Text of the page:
Clinical Relevance of Routinely Measured Vital Signs in Hospitalized Patients: A Systematic Review

Marja N. Storm-Versloot, Lotte Verweij, Cees Lucas, Jeroen Ludikhuize, J. Carel Goslings, Dink A. Legemate, Hester Vermeulen

Research output: Contribution to journalArticleAcademicpeer-review

29 Citations (Scopus)
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Abstract

BACKGROUND: Conflicting evidence exists on the effectiveness of routinely measured vital signs on the early detection of increased probability of adverse events.

PURPOSE: To assess the clinical relevance of routinely measured vital signs in medically and surgically hospitalized patients through a systematic review.

DATA SOURCES: MEDLINE, Embase, Cochrane Central Register of Controlled Trials (CENTRAL), Cumulative Index to Nursing and Allied Health Literature, and Meta-analysen van diagnostisch onderzoek (in Dutch; MEDION) were searched to January 2013.

STUDY SELECTION: Prospective studies evaluating routine vital sign measurements of hospitalized patients, in relation to mortality, septic or circulatory shock, intensive care unit admission, bleeding, reoperation, or infection.

DATA EXTRACTION: Two reviewers independently assessed potential bias and extracted data to calculate likelihood ratios (LRs) and predictive values.

DATA SYNTHESIS: Fifteen studies were performed in medical (n = 7), surgical (n = 4), or combined patient populations (n = 4; totaling 42,565 participants). Only three studies were relatively free from potential bias. For temperature, the positive LR (LR+) ranged from 0 to 9.88 (median 1.78; n = 9 studies); heart rate 0.82 to 6.79 (median 1.51; n = 5 studies); blood pressure 0.72 to 4.7 (median 2.97; n = 4 studies); oxygen saturation 0.65 to 6.35 (median 1.74; n = 2 studies); and respiratory rate 1.27 to 1.89 (n = 3 studies). Overall, three studies reported area under the Receiver Operator Characteristic (ROC) curve (AUC) data, ranging from 0.59 to 0.76. Two studies reported on combined vital signs, in which one study found an LR+ of 47.0, but in the other the AUC was not influenced.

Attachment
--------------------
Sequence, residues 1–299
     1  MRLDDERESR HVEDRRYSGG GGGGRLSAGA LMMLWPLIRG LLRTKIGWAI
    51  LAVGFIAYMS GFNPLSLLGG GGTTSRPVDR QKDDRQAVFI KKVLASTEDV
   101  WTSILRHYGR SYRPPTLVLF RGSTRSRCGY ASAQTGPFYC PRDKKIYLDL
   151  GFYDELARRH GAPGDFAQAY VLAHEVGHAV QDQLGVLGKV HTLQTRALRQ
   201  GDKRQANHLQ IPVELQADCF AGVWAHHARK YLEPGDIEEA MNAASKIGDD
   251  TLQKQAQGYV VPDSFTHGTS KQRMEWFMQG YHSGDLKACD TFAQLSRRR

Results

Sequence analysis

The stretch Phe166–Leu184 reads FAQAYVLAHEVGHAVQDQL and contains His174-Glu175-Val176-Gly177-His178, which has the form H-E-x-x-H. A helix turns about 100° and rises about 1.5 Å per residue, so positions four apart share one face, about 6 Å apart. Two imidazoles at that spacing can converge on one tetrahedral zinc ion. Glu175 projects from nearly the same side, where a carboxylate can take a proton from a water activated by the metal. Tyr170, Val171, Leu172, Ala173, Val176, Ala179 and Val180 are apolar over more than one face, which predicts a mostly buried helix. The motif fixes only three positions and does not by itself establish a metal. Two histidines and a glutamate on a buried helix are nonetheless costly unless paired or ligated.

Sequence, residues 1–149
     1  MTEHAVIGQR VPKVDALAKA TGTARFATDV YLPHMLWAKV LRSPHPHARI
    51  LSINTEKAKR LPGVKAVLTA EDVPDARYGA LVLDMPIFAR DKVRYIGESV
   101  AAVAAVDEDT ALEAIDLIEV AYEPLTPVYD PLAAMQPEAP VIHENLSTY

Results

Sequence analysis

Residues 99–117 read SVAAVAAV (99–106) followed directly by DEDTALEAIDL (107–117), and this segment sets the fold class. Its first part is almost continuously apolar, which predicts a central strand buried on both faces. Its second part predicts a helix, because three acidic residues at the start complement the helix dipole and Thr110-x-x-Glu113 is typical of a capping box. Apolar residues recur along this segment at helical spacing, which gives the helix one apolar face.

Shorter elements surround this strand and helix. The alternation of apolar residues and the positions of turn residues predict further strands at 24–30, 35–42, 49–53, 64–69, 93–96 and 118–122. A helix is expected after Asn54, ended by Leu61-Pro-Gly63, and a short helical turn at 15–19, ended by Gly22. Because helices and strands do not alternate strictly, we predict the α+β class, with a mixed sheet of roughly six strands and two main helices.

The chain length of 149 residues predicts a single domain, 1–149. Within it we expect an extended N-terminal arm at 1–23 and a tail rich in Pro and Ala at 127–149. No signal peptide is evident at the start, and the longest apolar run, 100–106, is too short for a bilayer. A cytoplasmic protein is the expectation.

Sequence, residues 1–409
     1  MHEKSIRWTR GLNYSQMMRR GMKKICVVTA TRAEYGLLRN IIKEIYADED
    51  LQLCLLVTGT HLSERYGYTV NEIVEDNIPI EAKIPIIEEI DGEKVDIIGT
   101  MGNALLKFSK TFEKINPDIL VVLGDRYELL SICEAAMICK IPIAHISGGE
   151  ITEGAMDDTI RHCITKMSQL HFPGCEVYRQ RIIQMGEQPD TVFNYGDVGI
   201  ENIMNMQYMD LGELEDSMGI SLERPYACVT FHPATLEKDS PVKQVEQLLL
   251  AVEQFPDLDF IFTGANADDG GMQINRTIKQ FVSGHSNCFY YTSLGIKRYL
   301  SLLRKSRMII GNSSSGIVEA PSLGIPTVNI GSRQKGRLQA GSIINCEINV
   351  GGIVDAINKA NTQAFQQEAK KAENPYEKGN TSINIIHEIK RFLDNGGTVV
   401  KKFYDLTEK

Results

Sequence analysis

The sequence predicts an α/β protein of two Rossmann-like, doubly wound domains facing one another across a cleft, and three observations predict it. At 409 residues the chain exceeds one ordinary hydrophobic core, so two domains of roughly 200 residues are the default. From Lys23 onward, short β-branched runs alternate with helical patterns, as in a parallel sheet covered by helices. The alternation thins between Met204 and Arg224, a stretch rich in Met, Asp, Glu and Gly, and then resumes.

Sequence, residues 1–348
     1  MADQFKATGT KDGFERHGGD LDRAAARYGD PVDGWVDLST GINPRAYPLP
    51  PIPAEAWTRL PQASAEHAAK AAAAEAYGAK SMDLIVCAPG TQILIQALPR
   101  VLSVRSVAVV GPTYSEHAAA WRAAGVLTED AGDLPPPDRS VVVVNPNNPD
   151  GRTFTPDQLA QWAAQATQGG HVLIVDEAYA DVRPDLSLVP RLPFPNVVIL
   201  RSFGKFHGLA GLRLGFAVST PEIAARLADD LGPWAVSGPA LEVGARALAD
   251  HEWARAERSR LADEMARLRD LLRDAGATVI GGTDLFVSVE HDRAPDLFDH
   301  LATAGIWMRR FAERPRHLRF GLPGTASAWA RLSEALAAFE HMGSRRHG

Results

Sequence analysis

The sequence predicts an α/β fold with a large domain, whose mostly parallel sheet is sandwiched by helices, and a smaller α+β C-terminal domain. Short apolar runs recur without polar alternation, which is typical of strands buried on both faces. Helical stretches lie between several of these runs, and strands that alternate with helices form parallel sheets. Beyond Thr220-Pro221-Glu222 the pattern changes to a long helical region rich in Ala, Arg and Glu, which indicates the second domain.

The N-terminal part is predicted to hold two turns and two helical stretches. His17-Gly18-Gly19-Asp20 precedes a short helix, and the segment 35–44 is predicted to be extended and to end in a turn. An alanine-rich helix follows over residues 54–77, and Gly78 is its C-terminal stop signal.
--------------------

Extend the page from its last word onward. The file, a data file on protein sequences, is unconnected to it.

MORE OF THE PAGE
CONCLUSIONS: Some discriminative LR+ were found, suggesting the clinical relevance of routine vital sign measurements. However, the subject is poorly studied, and many studies have methodological flaws. Further rigorous research is needed specifically intended to investigate the clinical relevance of routinely measured vital signs.

CLINICAL RELEVANCE: The results of this research are important for clinical nurses to underpin daily routine practices and clinical decision making.

Original languageEnglish
Pages (from-to)39-49
Number of pages11
JournalJournal of Nursing Scholarship
Volume46
Issue number1
DOIs
Publication statusPublished - Jan 2014

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